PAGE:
A Case of Conscience by James Blish
My rating: 5 of 5 stars
1959 Hugo winner.
Honestly, I expected to read something quite a bit different than the novel I did get. I almost expected something like a conversation novel between heavily logical Spock-like lizards and a man of the cloth from Earth.
What do I get, instead? A novel with startlingly awesome biology standards, very deep world-building, and a wonderfully surprising argument of Manichaeism. For those not in the know, it's the idea that there are two creators in the world, one is good and one is evil. Father Ruiz Sanchez is convinced that these perfectly rational and nearly Christ-like lizards who are living a perfect life without religion are, in fact, the most perfect trap to throw humanity into perfect chaos and perdition. After all, this is a case of perfection without God, and if the rest of humanity ever "got" it, then it would be the time of Satan's rule over the earth for real. The whole planet was, after all, a Creation of Evil.
How gorgeous is this? Sure, modern readers may or may not care for the religious argument bent, but it is concise and beautiful as hell and it's ONLY THE SETUP.
Move ahead, take the freely offered gift of one of the lizard young back to a future earth gone schizophrenic, living underground in perpetual fear of nuclear holocaust and ready to tear itself apart. Have one of these christ-like lizards grow up knowing nothing but the monstrosity that humanity has become, and because of the peculiar brilliance of his race and his deeply frustrated sense of being as much an outsider as practically everyone else living on Earth, he speaks and breaks all the rules and becomes a pundit much, much worse than anything Drumpf has to offer, sparking chaos on a truly amazing scale.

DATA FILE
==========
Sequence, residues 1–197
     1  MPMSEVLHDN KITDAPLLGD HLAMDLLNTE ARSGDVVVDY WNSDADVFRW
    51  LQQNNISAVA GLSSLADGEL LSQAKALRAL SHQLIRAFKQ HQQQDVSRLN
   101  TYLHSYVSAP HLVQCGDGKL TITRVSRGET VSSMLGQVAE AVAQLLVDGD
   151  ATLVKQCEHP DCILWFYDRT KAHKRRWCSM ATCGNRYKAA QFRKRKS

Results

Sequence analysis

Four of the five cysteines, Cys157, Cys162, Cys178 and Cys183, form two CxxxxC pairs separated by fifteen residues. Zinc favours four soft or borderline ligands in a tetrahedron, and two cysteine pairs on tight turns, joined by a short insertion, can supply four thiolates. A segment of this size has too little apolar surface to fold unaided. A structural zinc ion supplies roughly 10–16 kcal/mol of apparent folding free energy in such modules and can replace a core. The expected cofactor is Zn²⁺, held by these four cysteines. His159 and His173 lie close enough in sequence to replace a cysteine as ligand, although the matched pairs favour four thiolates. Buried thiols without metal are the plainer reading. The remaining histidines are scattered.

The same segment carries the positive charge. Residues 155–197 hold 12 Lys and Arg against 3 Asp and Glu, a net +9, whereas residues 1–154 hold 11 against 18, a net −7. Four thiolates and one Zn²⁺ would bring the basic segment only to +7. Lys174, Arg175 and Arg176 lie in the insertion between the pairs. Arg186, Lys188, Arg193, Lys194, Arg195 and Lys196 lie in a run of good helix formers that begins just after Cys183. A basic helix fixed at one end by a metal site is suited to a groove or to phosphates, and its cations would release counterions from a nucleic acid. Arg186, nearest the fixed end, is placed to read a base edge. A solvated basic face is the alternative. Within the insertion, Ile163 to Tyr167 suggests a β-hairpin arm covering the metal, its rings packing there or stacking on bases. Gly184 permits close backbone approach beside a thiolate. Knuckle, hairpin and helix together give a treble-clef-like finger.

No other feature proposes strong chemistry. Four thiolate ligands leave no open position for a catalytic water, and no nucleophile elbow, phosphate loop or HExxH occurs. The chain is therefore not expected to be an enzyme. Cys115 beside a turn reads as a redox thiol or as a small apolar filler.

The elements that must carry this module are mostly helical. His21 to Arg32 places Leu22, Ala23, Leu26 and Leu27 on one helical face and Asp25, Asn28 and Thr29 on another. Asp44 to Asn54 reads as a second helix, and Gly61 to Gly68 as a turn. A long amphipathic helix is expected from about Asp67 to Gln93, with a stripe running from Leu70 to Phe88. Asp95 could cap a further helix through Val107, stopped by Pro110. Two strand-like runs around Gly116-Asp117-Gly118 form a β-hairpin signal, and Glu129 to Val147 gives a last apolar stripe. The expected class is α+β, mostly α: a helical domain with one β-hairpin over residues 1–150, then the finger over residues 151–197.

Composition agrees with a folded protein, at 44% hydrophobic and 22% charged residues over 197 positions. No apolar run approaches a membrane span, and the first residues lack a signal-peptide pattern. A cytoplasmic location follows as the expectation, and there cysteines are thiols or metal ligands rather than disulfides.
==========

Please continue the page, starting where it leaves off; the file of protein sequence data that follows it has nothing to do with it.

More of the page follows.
Is he the hand of the antichrist, indeed? Or is he only the corrupted reflection of ourselves? Brilliant. And of course, the end... but I won't refer to the end. It's also brilliant, but of a different kind of light.
I have a few issues with the writing, but far, far less than I might have guessed before picking up the text. It's very thoughtful, very smart, and it shifts us with awesome speed between dialectical discourse to the absolute insanity of modern media. Is this modern SF? No, it came out in '58. And yet, I was laughing along with the crazy inventions later on as if I were watching that classic movie The Network, back in the 70's. No, no one was yelling from the rooftops, "I'm mad as hell and I'm not going to take it any more!" But the sentiment was there and the chaos of the novel was perfect.
How come wonderful idea novels like this aren't hailed as beautiful representations of classic literature? Is it just because it is SF? So beautiful. :)
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